Solutions for When You are at the Grocery

By Jeff Thomas

Ok. So, Saturday I was in Lowes.  Yea yea, I was actually doing official business.  And I, like most of the  other customers, was mindful of social distancing.  I walked down an aisle and saw two people, who were wearing masks, where I wanted to look, so I waited, more than 6 feet away, until they moved.  Then I proceeded down the aisle to look for what I needed.

As I searched the shelves, along comes an acquaintance.  I see him frequently, but don’t really know his name.  Why did your boy walk up, pat me on the shoulder, extend his hand and effusively start a “How ya’ doing” kind of conversation like this is 2018?

In my mind, corona missiles were streaming from his mouth on a heat seeking mission to my nose. His extended hand was a germ filled bomb.  I literally panicked and jumped back and hollered, “Hey man, keep social distance between us.”  He was shocked and asked me if I was really doing all that. 

At once anger, distress and a desire to educate rushed into my mind.  I could only blurt out, “This is about life and death and you don’t have the right to put people at risk with your careless attitude man.”  I grabbed my product and went to checkout. 

Social Distancing

Despite wall to wall press coverage, some people just are not taking this seriously.  Denial, ignorance, or just not fully comprehending, some people are missing the significance of this new norm. Admittedly, social distancing is different and complicated. This vague term needs more definition.

Are you surprised to learn that social distancing is actually a medical term? Social distancing or physical distancing is a set of nonpharmaceutical infection control actions intended to stop or slow down the spread of a contagious disease. The objective of social distancing is to reduce the probability of contact between persons carrying an infection, and others who are not infected, so as to minimize disease transmission, morbidity and ultimately, mortality.   

NEW ORLEANS, LA – APRIL 25: Thousands of locals celebrate the life of Prince at the second line memorial parade on April 25, 2016 in New Orleans, Louisiana. (Photo by Ryan Theriot/Getty Images)

In New Orleans, social intimacy is a part of the culture.  People hug and kiss. Often when they meet for the first time.  If you see a friend, you better speak or be considered rude.  Well there is a new normal.  

Being polite is now a cheerful wave.  This is necessary to protect us all.  We are all at risk.  There is an invisible, sneaky and clever enemy amongst us.  Some people get no or mild symptoms.  Others die.  Still the disease is contagious in all instances.  Even if you only have mild symptoms that you do not even recognize as the COVID-19, you can transmit this deadly disease to a vulnerable person who might require hospitalization.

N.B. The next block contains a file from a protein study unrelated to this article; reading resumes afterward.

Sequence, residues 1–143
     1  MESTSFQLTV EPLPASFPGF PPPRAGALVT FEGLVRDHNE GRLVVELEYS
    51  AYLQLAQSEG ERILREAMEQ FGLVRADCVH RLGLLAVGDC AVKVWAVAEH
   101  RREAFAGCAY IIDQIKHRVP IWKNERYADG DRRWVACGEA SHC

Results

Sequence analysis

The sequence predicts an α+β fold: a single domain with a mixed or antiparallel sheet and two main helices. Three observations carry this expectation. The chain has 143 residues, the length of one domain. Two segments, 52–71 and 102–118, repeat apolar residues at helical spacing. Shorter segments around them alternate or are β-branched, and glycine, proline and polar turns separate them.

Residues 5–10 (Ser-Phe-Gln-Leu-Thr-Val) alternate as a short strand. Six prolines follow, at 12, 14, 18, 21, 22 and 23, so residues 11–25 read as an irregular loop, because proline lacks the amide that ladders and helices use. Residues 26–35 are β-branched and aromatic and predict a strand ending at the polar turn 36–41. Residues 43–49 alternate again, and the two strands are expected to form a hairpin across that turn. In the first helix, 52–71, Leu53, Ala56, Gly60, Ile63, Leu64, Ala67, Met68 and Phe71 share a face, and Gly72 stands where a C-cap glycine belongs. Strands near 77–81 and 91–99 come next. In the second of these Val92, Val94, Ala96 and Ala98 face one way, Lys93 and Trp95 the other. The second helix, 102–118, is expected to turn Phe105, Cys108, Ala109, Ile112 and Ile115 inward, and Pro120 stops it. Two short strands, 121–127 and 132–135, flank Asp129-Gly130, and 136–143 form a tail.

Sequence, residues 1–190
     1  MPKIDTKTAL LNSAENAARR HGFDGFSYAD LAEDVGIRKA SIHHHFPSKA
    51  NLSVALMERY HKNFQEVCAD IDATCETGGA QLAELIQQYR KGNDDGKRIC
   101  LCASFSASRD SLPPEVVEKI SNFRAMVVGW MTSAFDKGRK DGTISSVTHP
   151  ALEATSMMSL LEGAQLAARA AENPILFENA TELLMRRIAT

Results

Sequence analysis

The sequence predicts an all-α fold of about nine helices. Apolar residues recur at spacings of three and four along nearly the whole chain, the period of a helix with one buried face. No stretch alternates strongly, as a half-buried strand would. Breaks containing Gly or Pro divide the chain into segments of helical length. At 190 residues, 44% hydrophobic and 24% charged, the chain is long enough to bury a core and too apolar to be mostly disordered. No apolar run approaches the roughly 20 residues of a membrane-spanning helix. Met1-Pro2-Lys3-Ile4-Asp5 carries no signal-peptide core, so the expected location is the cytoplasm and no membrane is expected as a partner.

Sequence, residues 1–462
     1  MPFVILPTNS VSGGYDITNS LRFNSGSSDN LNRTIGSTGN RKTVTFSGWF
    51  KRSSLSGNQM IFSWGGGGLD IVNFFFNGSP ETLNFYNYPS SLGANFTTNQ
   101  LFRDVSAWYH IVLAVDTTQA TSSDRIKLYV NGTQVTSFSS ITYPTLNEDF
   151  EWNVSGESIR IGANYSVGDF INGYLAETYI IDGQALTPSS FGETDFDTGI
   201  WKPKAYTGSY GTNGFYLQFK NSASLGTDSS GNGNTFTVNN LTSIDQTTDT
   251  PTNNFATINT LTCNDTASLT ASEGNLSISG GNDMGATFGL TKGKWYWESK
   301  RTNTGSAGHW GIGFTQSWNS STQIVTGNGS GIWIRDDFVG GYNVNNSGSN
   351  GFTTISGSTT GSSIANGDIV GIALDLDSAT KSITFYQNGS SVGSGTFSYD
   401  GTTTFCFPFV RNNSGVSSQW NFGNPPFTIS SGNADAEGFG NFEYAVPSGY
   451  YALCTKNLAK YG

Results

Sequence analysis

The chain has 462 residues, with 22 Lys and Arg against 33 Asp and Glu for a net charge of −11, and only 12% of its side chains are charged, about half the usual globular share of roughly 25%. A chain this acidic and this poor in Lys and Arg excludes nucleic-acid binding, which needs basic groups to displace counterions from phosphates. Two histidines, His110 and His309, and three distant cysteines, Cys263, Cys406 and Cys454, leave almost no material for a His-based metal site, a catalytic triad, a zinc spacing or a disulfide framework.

If the hospitals are overrun with treating COVID19 victims, then the everyday heart attack or stroke patient could possibly die.
New Greeting

What to Do

“Better to be safe than sorry” and “holler at your boy” are two popular expressions that come to mind now.  Combining them make the most sense.  Even if you don’t feel bad, stay home as much as possible. (Better to be safe than sorry).  And if you have to venture out, and you see a friend, holler at your boy from a distance.  Otherwise, your loved one who has a routine emergency room need might become critically ill or even die, just cause you wanted to dap me up.  

#Social Distancing


3 thoughts on “Problems With Social Distancing”
  1. Hi, Jeff
    You, are Spot On! Most people aren’t taking this Corona Virus serious.
    Social Distancing is a must if we are to minimize the risk of exposing those who are most vulnerable. In this Day and Time, An Ounce Of Prevention Is Worth A Pound Of Cure!! Especially dealing with the Corona Virus for which at this point there Is No Cure!

  2. Thanks, Jeff. Great reminders and well put. Justice and Beyond meets today on zoom with questions for Jay Banks. All are welcome. Have you heard the one about what to wear to the grocery store? They told me to wear a mask and gloves. But they were wrong. When I got there, everyone else had on clothes. Orissa

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